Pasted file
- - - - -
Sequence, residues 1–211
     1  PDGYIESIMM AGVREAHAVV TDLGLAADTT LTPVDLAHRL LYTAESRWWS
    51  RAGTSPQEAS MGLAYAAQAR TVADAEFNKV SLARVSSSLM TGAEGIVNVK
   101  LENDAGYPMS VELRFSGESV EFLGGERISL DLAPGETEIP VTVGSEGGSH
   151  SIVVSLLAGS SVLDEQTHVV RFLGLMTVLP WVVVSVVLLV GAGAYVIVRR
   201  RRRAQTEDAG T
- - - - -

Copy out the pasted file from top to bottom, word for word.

Sequence, residues 1–211
     1  PDGYIESIMM AGVREAHAVV TDLGLAADTT LTPVDLAHRL LYTAESRWWS
    51  RAGTSPQEAS MGLAYAAQAR TVADAEFNKV SLARVSSSLM TGAEGIVNVK
   101  LENDAGYPMS VELRFSGESV EFLGGERISL DLAPGETEIP VTVGSEGGSH
   151  SIVVSLLAGS SVLDEQTHVV RFLGLMTVLP WVVVSVVLLV GAGAYVIVRR
   201  RRRAQTEDAG T